Over the years, this job has changed so much. If I were to delve into all of the changes in my 25 years on patrol with the pen, people who aren’t in the business would be so bored, they’d probably start searching YouTube for the latest piano-playing-cat video.
See, technology really has made us more sophisticated. And more impatient. People, without a hint of self-awareness, say, “I’m too busy to read the paper” or they post, “OMG, I’m sooooooo busy, don’t know how I’m going to get everything done today,” then proceed to post a laundry list of their monotonous activities for the day.
Well, you can check that important Facebook post off the list now, can’t you, you go-getter?!
They will read every comment posted about an article, then pick out one ambiguous word or phrase that was in the thread of posts — not in the article — then write a rambling thesis in response, blasting the paper along the way.
But that same person — again, without a hint of self-awareness — will say, “Oh, I didn’t read the article. I don’t trust the media.”
So, you just squinted at your phone screen to read 2,500 words, half of which had to be translated from Textese and Autocorrect, but you didn’t have time to read a 600-word article in bold 10-point type that’s (usually) written in clear, concise language? And you believe social media is more reliable than the newspaper?
Sure, OK. I respect your opinion … and pray that you get spayed or neutered. Then again, with your face in your screens all of the time, we probably don’t have anything to worry about, as long as your devices don’t sprout a reproductive system. Please use a condom, just in case.
Smartphones/tablets and the Internet aren’t what’s killing newspapers, magazines and other print publications, as popular sentiment says. No, that started with the proliferation of corporate ownership of media outlets (a subject we’ve written about numerous times over the years). But It’s been hastened by the dumbing-down effect of devices that were created by smart people to give users the appearance and security of “being connected.” They’re such a part of some people’s lives, their use gives them the sense of always being “busy, busy, busy.”
They’re always reading and being “informed,” but they only digest 120 characters (or fewer) at a time. They may do that a couple hundred times a day. But they don’t have time to read an 800-word opinion column. Is there a Common Core math equation that will help me compute and show the folly of that?
The Internet hasn’t done as much to destroy print publications as social media has done to destroy nuanced thought, and the consequences of that are way more destructive to society as a whole …
But enough about the differences, before my head explodes.
Something that hasn’t changed is the two most common types of people we in the media have to deal with on a regular basis: Those who will run over their mother to get in front of a reporter with a camera and those will run over their mother to get away from a reporter with a camera.
Those are the two extremes that get the majority of our attention, and that’s true in large, medium, small and micro markets. The people we appreciate most are those who dutifully answer questions and/or give information because they want people to be informed or drew the short straw when it came to committee assignments in their civic club.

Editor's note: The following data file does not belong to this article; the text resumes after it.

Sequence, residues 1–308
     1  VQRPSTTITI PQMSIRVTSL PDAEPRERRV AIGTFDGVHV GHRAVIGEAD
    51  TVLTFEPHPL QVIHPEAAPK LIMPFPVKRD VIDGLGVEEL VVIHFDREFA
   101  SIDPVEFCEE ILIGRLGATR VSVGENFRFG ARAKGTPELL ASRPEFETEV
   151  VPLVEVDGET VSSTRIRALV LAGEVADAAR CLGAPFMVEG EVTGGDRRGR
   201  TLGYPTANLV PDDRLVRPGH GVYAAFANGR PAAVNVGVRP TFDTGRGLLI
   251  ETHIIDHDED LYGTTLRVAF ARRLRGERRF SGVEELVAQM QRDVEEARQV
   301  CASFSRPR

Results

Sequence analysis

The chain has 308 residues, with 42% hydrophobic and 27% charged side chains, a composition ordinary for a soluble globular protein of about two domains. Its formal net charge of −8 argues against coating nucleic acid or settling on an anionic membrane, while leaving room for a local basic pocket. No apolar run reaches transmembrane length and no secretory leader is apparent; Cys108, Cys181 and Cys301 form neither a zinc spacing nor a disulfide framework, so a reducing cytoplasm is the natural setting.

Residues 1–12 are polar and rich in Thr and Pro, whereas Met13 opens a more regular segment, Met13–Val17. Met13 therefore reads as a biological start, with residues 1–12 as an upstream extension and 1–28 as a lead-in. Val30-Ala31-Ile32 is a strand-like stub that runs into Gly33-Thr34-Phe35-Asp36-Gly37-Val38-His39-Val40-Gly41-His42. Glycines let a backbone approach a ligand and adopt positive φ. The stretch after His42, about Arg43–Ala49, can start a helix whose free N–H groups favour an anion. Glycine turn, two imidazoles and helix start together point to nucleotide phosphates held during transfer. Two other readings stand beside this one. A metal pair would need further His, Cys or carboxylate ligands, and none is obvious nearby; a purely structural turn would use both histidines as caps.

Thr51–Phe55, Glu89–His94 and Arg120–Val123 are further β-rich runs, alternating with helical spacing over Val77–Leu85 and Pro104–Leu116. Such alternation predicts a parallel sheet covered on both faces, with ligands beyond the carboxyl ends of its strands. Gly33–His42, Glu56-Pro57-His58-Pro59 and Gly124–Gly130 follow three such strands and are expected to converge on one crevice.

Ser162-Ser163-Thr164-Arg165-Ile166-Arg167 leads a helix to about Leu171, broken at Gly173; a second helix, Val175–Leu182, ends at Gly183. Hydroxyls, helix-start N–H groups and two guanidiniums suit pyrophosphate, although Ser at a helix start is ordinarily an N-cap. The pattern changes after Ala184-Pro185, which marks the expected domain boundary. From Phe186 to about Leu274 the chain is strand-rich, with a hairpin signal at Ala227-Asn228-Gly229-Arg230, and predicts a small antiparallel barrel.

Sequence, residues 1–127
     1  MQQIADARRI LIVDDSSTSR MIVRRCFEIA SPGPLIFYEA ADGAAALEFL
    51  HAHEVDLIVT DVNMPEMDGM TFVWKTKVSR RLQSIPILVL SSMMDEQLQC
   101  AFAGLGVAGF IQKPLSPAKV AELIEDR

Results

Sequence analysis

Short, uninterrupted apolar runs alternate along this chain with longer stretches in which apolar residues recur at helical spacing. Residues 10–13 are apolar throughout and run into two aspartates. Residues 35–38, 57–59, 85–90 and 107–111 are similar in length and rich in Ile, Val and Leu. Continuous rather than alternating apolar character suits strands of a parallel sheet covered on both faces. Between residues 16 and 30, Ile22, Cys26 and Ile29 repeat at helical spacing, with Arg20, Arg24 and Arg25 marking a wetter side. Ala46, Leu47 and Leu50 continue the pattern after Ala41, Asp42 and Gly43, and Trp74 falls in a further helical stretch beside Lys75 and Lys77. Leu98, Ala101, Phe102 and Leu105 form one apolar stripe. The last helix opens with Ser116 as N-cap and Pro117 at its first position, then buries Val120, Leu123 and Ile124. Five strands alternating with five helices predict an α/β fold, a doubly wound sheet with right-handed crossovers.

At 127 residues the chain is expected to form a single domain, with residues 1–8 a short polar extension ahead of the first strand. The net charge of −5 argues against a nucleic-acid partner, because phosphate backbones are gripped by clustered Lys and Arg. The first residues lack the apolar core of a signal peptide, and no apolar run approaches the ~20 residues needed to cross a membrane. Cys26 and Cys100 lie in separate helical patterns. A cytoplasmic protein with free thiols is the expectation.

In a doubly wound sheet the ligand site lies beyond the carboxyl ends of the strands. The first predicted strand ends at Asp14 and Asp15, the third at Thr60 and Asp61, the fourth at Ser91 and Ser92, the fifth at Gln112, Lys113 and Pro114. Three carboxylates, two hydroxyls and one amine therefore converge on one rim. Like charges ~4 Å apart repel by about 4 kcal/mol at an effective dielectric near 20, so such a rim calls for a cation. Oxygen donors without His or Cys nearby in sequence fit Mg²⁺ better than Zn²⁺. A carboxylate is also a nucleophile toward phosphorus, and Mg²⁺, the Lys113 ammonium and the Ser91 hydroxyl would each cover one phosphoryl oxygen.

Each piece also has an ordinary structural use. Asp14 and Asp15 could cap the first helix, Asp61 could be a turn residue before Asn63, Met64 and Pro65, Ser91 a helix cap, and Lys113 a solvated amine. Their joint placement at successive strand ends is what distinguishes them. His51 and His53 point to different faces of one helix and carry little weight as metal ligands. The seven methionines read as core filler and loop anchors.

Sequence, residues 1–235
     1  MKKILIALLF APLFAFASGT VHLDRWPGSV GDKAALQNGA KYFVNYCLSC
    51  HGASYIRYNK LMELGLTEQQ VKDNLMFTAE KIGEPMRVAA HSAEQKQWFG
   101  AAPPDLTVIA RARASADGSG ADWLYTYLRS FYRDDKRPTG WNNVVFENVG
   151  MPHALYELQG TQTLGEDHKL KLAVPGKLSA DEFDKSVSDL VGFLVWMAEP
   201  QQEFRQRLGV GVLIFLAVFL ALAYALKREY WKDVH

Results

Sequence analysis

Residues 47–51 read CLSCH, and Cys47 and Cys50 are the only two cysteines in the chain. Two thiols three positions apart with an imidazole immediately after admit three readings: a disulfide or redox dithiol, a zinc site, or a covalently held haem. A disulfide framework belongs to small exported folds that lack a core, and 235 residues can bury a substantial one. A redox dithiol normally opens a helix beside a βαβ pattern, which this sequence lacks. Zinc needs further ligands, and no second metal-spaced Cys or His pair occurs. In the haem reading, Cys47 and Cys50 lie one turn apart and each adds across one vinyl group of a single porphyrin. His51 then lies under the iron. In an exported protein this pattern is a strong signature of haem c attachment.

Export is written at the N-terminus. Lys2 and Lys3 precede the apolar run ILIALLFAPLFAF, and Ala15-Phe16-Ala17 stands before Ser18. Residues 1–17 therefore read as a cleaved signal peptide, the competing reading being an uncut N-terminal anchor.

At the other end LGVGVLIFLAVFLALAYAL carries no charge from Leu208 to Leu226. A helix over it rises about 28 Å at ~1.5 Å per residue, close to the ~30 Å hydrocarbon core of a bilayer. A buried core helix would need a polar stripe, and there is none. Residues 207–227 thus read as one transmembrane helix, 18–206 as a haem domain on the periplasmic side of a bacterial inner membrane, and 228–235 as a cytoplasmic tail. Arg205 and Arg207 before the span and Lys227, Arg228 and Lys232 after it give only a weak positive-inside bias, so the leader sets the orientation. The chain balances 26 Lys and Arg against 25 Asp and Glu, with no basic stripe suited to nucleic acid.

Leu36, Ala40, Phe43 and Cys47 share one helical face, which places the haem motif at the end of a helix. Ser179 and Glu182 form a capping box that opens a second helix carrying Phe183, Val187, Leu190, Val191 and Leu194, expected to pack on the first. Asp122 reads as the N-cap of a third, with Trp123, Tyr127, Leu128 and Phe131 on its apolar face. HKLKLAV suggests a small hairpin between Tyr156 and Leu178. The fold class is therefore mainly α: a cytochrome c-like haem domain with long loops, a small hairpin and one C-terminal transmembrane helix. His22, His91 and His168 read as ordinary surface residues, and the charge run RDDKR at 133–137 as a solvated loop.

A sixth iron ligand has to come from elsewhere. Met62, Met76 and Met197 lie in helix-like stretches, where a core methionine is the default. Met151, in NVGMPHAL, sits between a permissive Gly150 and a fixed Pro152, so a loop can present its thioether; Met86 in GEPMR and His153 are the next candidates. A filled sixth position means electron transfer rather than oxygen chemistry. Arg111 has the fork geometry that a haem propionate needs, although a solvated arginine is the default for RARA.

Shameless self-promoters make my skin crawl. Those who duck and dodge make me determined to track them down, then make the story twice as big as it would have been if they’d just cooperated.
The downsizing and disbanding of newspapers across the country has had one positive effect — it means that almost every government agency has a PR person who does know how to write a press release and get information published. That’s a plus considering how newsrooms have been gutted …
But still, too many local organizations and individuals have no idea how to get something in the paper. We’ll take the blame for that because there is no guide. If you catch us on deadline (Monday, Wednesday, Friday before 3 p.m.) or buried in an assignment (all the other times), that’s bad timing.
This isn’t a comprehensive guide by any means, but following are a few helpful hints.
If you really want to put a bad taste in my mouth (literally), try to entice me to come cover your event by saying, “We’ll feed you!” People have been offering that enticement for years. What they don’t realize is that I’d rather come home to my daughter and eat Saltines, thank you very much. But if you really want me to come, then offer me an open bar and a ride home. Or better yet, tell me you’d just like my company, no need to bring the notebook and camera … Ha!
If you’re a non-profit that just wants a little exposure and/or to announce a special event, email us or come in and ask not what your community paper can do for you, ask what you can do for your community paper. And don’t demand that it “run three times” before the event. We’ll run it when/if we have space. If you want to guarantee that it be published when you dictate, how you dictate, we’ll direct you to the advertising department … which leads to my next hint.
If you’re a for-profit business or venture, you need to understand that we are, too. So, either buy an ad or bring some information that has real news value to the community as a whole, not just to your bottom line. And if you really want us to make a big splash, tell us before you blast it all over Facebook and schedule the ribbon-cutting.
Feed us information our readers want to devour. And please feed the rubber chicken from your banquet to someone else.
Mark Thornton is chief of the Leader-Call. Email him at firstname.lastname@example.org.